Chris Capossela, CMO of Microsoft, has talked about the importance of business model bravery in driving cloud growth (e.g. in this LinkedIn article). “One of the most important things for the way we go-to-market is to listen to how our customers want to buy and to understand how the trends are changing.” The challenge is to “find a way to move to what we think the new model is going to be, even if it could be cannibalizing our old strategy.”
In this article, we will describe how the Research + Insights team at Microsoft supports business model decision-making. We will discuss our learning journey—which we shared at this year’s Sawtooth Software Conference, for which we were awarded ‘Best Corporate Paper’—and how we strive to reflect this ‘bravery’ in our work, through innovative approaches.
What is business model bravery?
Microsoft has seen tremendous cloud growth. In 2015, we reported an annualized run rate of $5.5Bn for commercial cloud revenue. In the quarter ending in June 2022, cloud revenue was $25Bn. This growth has been assisted by a variety of business model decisions, such as:
Shifting from perpetual licenses to subscription models with Microsoft 365
Developing consumption models for ‘born in the cloud’ offerings like Azure
Embracing customer buying patterns in our business models
Monetising new categories like Windows 365 as a new cloud
The role of market research in informing business model decisions
Microsoft typically needs to make decisions on many dimensions. What payment model should we use (e.g., subscription or consumption)? With what unit (per device, per user etc.)? How should we ‘package’ the offering (add-on or stand-alone; a set of suites or individual offerings)? How should we price it? Fundamentally, how can we best meet customer needs in how they want to buy?
Customer research is a key input for these decisions. We run dozens of research studies each year, often using conjoint analysis. These business problems are typically Rubik’s Cube-like, involving thousands of possible permutations. Conjoint is a great tool here. We continue, however, to face many challenges, including:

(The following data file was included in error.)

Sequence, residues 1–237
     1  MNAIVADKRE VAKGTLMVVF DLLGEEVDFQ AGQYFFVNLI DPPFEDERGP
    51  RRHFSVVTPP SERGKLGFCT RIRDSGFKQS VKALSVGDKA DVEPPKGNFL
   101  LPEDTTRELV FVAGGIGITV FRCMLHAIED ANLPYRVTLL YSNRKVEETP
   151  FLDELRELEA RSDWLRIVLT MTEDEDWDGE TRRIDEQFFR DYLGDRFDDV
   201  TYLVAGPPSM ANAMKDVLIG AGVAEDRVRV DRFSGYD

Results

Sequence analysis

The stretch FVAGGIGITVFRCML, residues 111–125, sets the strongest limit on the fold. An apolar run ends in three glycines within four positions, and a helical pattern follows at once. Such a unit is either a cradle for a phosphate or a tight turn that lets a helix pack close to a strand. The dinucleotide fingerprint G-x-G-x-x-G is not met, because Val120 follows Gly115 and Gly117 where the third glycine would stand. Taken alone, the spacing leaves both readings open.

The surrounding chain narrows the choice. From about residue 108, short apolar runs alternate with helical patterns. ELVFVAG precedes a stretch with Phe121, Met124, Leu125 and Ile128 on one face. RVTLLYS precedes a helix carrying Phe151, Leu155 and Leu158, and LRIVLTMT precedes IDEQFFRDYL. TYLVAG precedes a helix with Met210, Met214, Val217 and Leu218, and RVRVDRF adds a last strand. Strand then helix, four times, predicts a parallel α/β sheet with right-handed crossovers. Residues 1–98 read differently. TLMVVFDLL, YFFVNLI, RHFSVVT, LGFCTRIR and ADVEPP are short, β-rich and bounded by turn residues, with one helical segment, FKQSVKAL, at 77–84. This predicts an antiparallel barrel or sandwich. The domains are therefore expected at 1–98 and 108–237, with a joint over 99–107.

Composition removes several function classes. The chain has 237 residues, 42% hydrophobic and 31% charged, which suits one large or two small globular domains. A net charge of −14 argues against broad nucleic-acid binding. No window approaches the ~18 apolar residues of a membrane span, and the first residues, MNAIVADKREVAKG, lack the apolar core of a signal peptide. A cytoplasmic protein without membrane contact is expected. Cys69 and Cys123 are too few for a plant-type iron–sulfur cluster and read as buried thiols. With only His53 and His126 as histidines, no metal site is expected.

How we assess sample quality and whether respondents can comprehend what we’re asking
How we test highly complex offerings with multiple business models and decision-makers
How we obtain realistic measures of willingness to pay, especially in new spaces
We are addressing these challenges and improving our practice through a growth mindset:
Learning: working with a broader set of research partners and industry experts, and looking at our data across studies
Innovating in our conjoint designs
Experimenting: funding work to try novel approaches, test hypotheses, etc.
Learning: sample quality
Having high quality survey samples is critical to delivering data we can trust. Historically, we have used ‘standard’ panels, but more ‘premium’ sources are also available. Is it worth the extra cost? To address this question, we did a series of experiments with ‘regular’ and ‘premium’ samples, working initially with the marketing agency Known, and then with other research partners. We found that:
The rate at which we need to reject respondents was much lower: ~50% with regular panel and under 10% with premium
Respondents were more diligent: taking much more time in the conjoint tasks
They were more consistent in their answers: giving us higher model fit statistics
The data was more credible: preference results were closer to market share, and responses to new offerings were more realistic
What is the benefit? Premium sample does indeed meet its promise. Given the cost and our volumes, we do need though to be thoughtful about usage, e.g., selecting the studies where it feels most critical, or using premium samples as a gut check on regular panel.
Innovating: conjoint designs
Next, we will illustrate how we are working to innovate our conjoint designs in ways that lead to higher quality data. An example is primary research in the PC space, in which there are hundreds of commonly purchased devices. We partnered with Known on this specific study.
We considered an adaptive approach but rejected it, in part because we were concerned about the misrepresentation of price elasticity because of selection bias. We know from exploration done by leaders in the conjoint field—e.g., in work by Tom Eagle—that potential bias arises in an adaptive design if a respondent controls the presentation of alternatives. Limiting choice task alternatives to a stated consideration set alone can lead to such selection bias, which in turn may lead to inaccurate price parameters and misestimation of price elasticity.
However, we did want to present respondents with meaningful alternatives. Our solution was a probabilistic approach that borrows from the field of genetic algorithms to generate the options shown to each respondent. We asked for respondents’ consideration sets but controlled for selection bias by also presenting some devices to them from outside these sets. This approach lowered the risks of both the respondent-controlled approach and the purely random approach.
 Thomas Eagle, Selection bias in choice modeling using adaptive methods: a comment on ‘Precise FMCG Market Modeling Using Advanced CBC’ (2015)